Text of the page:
Usernames and passwords leaked onto the open internet earlier this month due to a security bug that affected 3,400 websites, including popular services like Uber, Fitbit and OKCupid, according to a disclosure Thursday by cybersecurity company Cloudflare.
You wouldn’t mind if someone could break into the personal accounts you use to track your movements, fitness and love life, would you?
While there’s no indication hackers actually accessed usernames and passwords, as well as a slew of other private information sent by users over the services, the information was exposed both on corrupted versions of the websites and in cached results on search services like Google and Bing.
“The bug was serious because the leaked memory could contain private information and because it had been cached by search engines,” John Graham-Cumming, Cloudflare’s chief technical officer, wrote in a blog post detailing the flaw.
Google security researcher Tavis Ormandy identified the flaw on Friday. In his report about the bug, which also became public on Thursday, he said he found “private messages from major dating sites, full messages from a well-known chat service, online password manager data, frames from adult video sites, hotel bookings.”
The flaw originated in a widely used tool provided by Cloudflare, which was meant to help manage and protect internet traffic for the affected websites. In addition to usernames and passwords, messages sent over any of these platforms -- and any other information sent via web browser to the affected sites -- could have been exposed.
Uber and Fitbit didn’t respond to requests for comment. OKCupid didn’t provide a comment. Graham-Cumming said 3,400 total websites were using the tool that contained the flaw and confirmed these three were among those affected. But he declined to name any other services that might have had user data leak due to the problem.
A trickle of data, and then a surge
The flaw is now fixed and the leaked information has been purged from search engines, meaning it’s no longer exposed on the internet. After Ormandy identified the problem and notified Cloudflare on Friday, the company set up a team to fix the problem in a matter of hours. The flaw has been resolved since Saturday.
The information was exposed in bits and pieces as users interacted with the affected websites starting in September. The leak peaked in the week of Feb. 13-17, Graham-Cumming said in an interview. The information would appear on the webpage in a seeming string of nonsense, which users would most likely not know how to interpret, Graham-Cumming said. The data leakage was “ephemeral” because it would disappear the second a user closed the web page.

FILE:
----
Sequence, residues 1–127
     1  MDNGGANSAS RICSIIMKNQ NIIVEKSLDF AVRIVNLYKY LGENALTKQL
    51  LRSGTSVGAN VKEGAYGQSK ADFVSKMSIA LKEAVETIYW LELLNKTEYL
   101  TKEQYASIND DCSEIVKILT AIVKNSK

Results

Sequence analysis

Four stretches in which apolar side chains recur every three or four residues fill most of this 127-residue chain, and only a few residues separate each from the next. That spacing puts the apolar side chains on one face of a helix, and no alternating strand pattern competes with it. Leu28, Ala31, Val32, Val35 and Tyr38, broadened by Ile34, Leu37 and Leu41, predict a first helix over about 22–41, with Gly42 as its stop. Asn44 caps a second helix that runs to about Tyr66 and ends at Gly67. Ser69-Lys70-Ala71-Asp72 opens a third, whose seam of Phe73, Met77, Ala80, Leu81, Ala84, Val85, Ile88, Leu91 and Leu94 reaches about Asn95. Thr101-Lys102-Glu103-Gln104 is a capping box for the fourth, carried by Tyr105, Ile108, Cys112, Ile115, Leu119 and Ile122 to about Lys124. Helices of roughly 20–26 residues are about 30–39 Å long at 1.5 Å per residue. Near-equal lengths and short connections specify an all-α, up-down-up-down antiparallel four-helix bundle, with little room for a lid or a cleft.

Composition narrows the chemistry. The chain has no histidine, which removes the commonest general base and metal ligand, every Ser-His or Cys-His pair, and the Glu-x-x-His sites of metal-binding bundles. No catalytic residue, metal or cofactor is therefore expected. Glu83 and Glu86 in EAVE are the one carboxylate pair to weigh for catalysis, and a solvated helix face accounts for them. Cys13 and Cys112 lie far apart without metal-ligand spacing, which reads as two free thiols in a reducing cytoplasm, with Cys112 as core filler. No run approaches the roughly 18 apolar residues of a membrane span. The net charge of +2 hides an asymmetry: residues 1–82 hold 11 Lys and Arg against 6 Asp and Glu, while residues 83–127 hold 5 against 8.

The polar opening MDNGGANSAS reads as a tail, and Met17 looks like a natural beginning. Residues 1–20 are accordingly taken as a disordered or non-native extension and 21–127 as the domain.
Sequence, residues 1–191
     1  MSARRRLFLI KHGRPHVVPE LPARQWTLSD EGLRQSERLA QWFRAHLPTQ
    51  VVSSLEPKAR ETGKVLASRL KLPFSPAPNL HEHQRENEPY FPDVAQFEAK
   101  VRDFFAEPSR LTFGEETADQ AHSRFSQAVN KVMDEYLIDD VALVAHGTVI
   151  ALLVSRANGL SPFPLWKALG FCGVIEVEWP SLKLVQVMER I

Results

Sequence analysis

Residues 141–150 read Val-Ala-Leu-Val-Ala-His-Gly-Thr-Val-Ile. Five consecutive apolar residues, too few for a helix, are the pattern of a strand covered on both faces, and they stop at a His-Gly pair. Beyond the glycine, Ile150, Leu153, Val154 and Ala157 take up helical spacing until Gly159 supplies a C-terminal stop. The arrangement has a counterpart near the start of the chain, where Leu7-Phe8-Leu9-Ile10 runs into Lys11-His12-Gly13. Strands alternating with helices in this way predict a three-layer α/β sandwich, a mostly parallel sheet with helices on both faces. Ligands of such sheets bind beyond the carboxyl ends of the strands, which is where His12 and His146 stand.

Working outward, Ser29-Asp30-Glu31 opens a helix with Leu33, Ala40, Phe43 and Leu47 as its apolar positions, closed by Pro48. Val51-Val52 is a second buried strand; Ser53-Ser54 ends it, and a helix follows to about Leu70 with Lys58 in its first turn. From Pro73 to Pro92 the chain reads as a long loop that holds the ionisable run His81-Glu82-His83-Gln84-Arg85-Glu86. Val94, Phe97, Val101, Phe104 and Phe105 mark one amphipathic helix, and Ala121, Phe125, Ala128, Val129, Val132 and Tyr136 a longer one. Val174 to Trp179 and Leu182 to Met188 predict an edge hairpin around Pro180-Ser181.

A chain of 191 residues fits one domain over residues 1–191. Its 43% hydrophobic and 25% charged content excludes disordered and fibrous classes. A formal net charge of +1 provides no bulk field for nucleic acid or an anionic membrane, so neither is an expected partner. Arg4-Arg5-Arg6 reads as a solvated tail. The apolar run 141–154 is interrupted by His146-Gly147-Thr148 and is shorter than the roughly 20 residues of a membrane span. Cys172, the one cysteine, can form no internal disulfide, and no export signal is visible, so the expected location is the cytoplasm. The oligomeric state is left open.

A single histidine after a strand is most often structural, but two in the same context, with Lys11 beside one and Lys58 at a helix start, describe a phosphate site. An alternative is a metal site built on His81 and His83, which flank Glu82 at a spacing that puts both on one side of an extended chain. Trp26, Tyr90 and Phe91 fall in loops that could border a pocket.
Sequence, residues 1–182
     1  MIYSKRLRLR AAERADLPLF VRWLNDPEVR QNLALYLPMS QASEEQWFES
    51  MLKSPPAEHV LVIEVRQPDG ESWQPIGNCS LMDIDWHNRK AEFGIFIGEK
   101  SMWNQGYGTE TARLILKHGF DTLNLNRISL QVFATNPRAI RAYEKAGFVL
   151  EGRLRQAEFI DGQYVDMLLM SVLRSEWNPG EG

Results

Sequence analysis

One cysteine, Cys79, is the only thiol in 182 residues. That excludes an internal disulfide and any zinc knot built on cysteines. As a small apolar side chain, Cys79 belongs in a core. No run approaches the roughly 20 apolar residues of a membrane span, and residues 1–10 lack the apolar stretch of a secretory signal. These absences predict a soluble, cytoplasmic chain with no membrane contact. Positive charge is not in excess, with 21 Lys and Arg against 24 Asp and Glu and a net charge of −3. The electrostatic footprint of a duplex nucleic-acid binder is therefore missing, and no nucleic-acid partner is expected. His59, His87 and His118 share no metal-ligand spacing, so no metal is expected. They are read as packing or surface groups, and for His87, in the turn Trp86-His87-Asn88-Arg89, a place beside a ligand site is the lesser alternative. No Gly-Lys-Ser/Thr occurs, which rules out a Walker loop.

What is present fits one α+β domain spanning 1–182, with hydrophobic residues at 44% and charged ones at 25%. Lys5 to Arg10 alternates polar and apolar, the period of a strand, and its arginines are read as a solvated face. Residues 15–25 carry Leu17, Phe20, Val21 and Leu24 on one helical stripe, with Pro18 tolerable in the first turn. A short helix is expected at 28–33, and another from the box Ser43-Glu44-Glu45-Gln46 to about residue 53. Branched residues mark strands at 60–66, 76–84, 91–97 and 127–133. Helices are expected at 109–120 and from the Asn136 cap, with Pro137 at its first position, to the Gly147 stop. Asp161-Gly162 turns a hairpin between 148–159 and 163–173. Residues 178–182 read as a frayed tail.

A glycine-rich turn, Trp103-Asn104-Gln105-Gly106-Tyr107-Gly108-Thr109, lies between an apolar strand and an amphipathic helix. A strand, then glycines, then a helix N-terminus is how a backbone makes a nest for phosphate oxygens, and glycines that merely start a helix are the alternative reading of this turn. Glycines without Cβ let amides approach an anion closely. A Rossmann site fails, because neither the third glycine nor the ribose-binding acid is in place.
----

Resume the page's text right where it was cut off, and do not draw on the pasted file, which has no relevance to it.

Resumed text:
More worryingly, though, the leaked information was also cached by search engines like Google and Bing as they crawled the web and encountered the corrupted web pages.
After fixing the flaw, Cloudflare focused on erasing any trace of the leaked information from the internet. That meant working with search engines to purge the cached records of the corrupted webpages.
What’s the danger?
Graham-Cumming said users don’t need to worry about changing their passwords, because there is a very low chance that their login information was found by someone who knew where to look for it.
However, in his report of the bug, Google researcher Ormandy said Cloudflare’s disclosure “severely downplays the risk to [Cloudflare] customers.” Ormandy was referring to a draft of the disclosure he saw before Cloudflare went public with the news on Thursday.
It’s not clear whether Ormandy thinks end-user information is more vulnerable than Cloudflare is saying. Ormandy did not respond to questions about whether end-users of the affected websites should change their passwords or if they should be concerned about any other pieces of information that could have been exposed.
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This article was originally published on CNET.com.